Four Oakland cops on leave year after deadly shooting

Three Oakland police officers and a sergeant have been placed on administrative leave, more than a year after the deadly shooting of Joshua Pawlik, who was killed moments after he awoke while armed with a gun.

Body-cam video shows officers bellowing at Pawlik, "Get your hand off the gun!" just before he was shot and killed in between two homes near 40th and Market streets on March 11, 2018.

The department's Internal Affairs Division, Executive Force Review Board and Police Chief Anne Kirkpatrick have all concluded that Sgt. Frank Negrete and Officers William Berger, Brandon Hraiz and Craig Tanaka were justified in firing their weapons.

But Robert Warshaw, the court-appointed monitor and compliance director overseeing Oakland police reforms, disagrees. 

Civil rights attorney Jim Chanin says that means these officers now on leave could potentially be fired, even though the Alameda County district attorney's office says the officers won't be charged with any crimes. 

"The monitor has evidently decided that use of force was inappropriate and justified severe discipline," Chanin said.

In his report, Warshaw says, "He was a live human being - and any reasonable officer should not have expected him to remain perfectly still... Pawlik's slight movements did not constitute intent, and a reasonable officer should not have concluded such."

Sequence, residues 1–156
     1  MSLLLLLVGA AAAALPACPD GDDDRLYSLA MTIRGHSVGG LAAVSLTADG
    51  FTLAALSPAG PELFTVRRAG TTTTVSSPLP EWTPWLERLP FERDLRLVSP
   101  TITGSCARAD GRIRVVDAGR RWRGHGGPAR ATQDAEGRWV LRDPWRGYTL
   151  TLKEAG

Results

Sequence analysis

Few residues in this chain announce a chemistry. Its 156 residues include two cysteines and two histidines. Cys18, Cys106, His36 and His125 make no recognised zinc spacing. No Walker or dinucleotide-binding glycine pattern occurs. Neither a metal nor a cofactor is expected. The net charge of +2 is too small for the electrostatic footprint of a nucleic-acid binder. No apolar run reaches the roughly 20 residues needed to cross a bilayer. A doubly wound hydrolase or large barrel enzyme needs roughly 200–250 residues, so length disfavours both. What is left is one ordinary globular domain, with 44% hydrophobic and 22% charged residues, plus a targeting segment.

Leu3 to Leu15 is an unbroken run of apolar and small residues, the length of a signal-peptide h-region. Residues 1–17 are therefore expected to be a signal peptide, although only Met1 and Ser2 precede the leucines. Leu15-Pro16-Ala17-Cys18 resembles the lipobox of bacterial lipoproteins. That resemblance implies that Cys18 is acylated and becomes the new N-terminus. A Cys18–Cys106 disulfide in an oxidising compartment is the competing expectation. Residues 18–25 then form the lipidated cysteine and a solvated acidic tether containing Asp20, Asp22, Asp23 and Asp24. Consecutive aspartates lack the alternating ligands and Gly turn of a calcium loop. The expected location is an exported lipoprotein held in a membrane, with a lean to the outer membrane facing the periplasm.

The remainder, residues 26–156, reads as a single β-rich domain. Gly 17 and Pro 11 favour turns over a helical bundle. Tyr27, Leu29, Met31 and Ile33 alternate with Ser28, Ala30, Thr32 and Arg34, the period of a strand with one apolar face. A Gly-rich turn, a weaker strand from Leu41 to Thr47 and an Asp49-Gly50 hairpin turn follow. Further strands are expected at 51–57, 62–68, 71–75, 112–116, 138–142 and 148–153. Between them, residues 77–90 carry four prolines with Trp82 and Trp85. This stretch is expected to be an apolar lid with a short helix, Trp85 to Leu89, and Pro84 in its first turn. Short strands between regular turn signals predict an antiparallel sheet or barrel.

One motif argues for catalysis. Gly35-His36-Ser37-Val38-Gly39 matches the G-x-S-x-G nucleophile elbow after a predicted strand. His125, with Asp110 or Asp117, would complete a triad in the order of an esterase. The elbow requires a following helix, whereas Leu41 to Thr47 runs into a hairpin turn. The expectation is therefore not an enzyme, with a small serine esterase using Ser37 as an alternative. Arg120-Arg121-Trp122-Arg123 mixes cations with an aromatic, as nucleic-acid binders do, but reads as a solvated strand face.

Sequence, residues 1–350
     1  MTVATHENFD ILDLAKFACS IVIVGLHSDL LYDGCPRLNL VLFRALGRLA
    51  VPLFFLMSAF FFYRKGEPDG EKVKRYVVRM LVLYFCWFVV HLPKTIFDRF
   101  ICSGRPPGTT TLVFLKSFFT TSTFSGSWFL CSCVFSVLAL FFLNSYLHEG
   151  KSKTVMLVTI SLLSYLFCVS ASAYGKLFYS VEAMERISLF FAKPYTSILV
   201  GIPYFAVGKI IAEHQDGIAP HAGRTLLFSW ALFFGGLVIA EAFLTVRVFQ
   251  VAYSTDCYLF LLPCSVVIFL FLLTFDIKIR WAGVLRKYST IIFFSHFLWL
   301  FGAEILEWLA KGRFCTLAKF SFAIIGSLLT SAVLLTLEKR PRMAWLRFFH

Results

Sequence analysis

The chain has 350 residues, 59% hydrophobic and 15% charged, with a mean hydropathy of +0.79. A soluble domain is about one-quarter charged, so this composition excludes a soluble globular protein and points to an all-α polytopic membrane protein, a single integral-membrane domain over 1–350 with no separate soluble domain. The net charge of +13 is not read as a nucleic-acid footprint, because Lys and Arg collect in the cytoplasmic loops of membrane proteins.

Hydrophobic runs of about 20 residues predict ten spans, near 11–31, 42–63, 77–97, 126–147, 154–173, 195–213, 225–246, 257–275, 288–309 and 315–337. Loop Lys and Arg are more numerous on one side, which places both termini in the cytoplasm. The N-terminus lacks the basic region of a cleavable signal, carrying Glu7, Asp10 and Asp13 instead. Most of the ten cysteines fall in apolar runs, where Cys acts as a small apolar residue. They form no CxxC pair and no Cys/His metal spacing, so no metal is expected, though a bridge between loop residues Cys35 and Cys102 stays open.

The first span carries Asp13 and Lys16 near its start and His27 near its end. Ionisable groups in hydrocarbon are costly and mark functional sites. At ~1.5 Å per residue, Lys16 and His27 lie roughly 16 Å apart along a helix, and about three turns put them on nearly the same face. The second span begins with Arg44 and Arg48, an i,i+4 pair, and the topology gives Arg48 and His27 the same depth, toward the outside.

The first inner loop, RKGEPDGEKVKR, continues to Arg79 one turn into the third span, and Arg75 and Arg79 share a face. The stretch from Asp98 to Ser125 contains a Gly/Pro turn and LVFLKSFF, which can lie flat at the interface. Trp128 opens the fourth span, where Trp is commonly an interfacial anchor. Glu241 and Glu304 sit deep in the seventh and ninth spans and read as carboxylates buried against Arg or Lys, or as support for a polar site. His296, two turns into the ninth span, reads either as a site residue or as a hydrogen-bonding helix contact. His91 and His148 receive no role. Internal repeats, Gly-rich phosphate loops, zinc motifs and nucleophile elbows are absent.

Although the department has cleared Negrete for using deadly force, he's still facing discipline for taking part in the shooting instead of supervising his officers, and for failing to plan for every possible outcome. 

But the chief, after reviewing the internal affairs and force-review board's investigations, reduced the severity of misconduct - and therefore any discipline - that Sgt. Negrete could face. 

"What particularly affected me from reading it was her overruling her own department,' Chanin said.

The monitor, in a report, called the top cop's analysis of the case "disappointing and myopic." 

"It's clear there's been a falling out between the compliance director and the chief of police," Chanin said.

Pamela Price, a civil rights attorney who has filed misconduct cases against Oakland, said, "I think the chief is probably on her last legs."

Price says she wants the monitor to fire the chief.

"I think that this decision to place these officers on leave is obviously a very belated and arguably a pathetic effort to save her own job," Price said.

The department declined to discuss the case Wednesday.